- Surprising Culinary Scene – Food, I am a fan. I have packed on the quarantine 15 and thoroughly enjoyed every moment. There are quite a few family owned and operated ethnic food establishments that are affordable and delicious. Thai in Paeroa and Morrinsville was amazing and the Indian restaurant in Te Aroha is clearly run by someone who has cooked for family and friends and makes their dishes with Love and care. Absolutely impressed by these places and felt great to support these small local businesses every night we were in the area. For more upmarket culinary experiences you can also visit the Falls (you will need to book, it is ALWAYS full and with good reason) or the Waihi hotel (amazing Bluff oysters, great staff and superb atmosphere) or any number of impressive Italian and Contemporary restaurants.
- Hamilton Gardens – Just. Wow. I had no idea how magnificent and world class this place is. Treat yourself to a visit soon. Here’s some of my pictures.
- The People – I met so many wonderful women who are raising families or relishing the good life here in the Waikato. Many had escaped the rat race up in the city, one is a Share milker from Auckland who I met at the local arts and crafts store on Te Aroha’s main drag. I adored them all and everyone we met is/was so friendly and magnificent. There’s a big difference between country and city protocols and I will take the provinces hands down, I am perhaps a little too rough around the edges to fit firmly in the city’s fast paced and flippant social scenes.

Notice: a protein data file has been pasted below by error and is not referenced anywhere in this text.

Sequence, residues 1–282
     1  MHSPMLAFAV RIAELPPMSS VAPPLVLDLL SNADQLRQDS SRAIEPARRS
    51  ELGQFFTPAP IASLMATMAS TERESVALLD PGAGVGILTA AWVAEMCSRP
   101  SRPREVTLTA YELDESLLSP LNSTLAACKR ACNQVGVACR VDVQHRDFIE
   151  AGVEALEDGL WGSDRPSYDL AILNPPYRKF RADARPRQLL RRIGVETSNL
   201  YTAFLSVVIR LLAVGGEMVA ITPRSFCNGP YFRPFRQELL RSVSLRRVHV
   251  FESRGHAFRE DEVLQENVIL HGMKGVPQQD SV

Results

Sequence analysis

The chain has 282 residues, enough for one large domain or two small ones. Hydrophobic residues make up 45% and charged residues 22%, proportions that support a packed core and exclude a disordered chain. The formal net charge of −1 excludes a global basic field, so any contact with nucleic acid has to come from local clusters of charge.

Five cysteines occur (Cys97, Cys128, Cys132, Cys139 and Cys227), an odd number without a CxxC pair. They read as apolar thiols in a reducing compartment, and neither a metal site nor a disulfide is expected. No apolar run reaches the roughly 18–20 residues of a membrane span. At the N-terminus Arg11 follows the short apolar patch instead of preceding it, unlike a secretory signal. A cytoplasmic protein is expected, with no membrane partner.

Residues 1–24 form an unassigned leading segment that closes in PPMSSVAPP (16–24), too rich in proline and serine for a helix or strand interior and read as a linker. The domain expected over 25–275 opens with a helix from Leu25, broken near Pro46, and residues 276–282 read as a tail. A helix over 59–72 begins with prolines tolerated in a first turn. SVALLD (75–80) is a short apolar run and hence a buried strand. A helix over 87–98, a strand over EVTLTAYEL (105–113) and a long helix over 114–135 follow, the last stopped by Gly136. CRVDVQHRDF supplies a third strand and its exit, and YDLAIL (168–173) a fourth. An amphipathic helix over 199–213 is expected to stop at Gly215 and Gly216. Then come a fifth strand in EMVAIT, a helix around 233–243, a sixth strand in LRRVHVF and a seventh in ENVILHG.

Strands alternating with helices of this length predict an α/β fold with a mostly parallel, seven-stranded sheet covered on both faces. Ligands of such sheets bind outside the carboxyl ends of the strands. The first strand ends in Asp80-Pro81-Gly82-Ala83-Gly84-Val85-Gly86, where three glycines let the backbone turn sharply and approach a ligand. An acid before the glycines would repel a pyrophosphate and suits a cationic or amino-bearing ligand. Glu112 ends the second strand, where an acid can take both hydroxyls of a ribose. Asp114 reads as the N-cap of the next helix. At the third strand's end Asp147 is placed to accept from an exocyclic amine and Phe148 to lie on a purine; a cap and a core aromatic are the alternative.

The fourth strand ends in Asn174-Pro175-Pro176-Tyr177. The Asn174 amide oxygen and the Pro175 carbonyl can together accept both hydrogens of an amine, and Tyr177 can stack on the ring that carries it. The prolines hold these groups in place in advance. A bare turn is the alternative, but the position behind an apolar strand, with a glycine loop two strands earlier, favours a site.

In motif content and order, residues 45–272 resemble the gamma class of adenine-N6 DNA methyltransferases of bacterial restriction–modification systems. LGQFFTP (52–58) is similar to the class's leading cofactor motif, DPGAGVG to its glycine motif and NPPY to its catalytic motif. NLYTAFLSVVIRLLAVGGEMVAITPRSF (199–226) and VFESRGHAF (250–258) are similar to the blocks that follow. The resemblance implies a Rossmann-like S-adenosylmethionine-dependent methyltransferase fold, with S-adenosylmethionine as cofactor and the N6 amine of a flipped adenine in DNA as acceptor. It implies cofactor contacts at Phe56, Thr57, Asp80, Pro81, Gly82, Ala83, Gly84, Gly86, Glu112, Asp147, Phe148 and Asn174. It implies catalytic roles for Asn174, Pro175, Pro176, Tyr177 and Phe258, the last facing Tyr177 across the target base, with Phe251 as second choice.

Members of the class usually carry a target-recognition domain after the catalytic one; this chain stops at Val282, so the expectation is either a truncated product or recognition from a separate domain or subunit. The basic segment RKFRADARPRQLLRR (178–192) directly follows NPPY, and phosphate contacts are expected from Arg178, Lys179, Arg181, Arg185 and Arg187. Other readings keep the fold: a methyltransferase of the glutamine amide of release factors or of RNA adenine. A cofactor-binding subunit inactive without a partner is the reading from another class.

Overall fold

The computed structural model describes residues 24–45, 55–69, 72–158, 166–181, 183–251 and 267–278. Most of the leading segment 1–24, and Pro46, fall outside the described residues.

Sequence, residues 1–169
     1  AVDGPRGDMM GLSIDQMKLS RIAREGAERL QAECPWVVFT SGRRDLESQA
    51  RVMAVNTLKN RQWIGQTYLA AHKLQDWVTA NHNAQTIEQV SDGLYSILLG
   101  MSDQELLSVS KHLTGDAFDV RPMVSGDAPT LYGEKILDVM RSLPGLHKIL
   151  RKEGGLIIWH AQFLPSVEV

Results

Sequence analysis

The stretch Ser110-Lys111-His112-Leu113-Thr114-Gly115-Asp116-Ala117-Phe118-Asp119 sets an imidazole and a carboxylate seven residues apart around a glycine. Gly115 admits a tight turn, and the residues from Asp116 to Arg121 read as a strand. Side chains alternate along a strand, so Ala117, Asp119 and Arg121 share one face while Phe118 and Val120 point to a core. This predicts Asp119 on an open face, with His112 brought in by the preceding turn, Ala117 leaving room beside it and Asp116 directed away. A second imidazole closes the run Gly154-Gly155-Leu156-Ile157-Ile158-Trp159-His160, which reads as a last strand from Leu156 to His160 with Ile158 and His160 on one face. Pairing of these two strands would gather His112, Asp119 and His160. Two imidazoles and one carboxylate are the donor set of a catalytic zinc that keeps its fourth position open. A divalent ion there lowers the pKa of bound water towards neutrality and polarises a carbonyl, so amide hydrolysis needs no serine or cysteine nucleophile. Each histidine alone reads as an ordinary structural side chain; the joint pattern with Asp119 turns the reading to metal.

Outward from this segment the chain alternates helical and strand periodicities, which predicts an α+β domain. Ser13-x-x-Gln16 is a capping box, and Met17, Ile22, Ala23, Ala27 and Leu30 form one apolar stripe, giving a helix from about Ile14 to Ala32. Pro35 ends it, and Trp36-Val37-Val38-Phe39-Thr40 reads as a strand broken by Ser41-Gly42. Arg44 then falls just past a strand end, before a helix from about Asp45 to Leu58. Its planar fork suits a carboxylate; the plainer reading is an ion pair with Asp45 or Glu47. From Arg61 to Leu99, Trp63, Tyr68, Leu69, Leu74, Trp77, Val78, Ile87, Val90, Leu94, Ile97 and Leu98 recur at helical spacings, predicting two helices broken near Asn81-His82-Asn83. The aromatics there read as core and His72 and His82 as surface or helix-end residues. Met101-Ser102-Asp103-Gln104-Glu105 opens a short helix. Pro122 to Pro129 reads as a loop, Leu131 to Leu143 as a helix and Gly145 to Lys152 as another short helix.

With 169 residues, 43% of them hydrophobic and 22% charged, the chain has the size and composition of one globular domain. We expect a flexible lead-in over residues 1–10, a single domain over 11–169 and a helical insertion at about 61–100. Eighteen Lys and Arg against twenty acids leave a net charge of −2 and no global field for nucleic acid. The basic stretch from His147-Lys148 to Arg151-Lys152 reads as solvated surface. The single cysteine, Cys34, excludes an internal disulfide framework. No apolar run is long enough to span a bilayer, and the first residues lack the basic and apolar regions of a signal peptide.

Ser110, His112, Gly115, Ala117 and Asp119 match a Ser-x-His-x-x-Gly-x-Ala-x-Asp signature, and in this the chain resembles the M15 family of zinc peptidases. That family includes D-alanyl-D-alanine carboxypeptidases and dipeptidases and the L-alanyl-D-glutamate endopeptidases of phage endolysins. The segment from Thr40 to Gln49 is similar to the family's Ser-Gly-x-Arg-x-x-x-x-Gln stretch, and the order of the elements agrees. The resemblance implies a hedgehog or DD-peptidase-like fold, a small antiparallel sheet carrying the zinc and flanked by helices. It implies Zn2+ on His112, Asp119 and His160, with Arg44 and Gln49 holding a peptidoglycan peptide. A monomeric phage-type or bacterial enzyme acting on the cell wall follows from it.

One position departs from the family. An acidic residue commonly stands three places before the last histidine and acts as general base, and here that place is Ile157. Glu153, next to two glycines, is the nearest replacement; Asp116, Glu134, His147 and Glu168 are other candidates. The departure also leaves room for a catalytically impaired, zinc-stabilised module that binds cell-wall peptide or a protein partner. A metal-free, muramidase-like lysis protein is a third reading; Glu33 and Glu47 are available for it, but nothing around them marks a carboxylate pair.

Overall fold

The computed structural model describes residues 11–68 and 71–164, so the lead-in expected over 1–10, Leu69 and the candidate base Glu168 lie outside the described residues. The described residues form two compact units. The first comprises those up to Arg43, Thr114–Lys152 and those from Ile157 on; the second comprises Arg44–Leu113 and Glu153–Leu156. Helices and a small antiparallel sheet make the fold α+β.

- The Pace – escaping the race. Just bliss.
- Meeting Mittens – Last, but not least, was meeting my fiancé’s rescue cat Mittens. A sweet, chatty, and very timid little kitty who wouldn’t come near us for our first couple of visits and then wouldn’t leave us alone when she became comfortable. She slept at our head every night on our last visit, and followed us as we walked over to the spas for an evening soak. The reason I am bringing this up is that she is an absolute sweetheart and we all Love her so much, but she needs a forever home. We will keep her with us until a perfect place is found, but we already have two male rescue cats and a rescue dog (who she hates) and rescue chickens. She’d make someone who needs a cute and chatty feline friend very happy and she is very low maintenance indeed
So, thanks for sharing my enthusiasm for this terrific little town! Hope you have a chance to check it out soon and fall for it as hard as I have.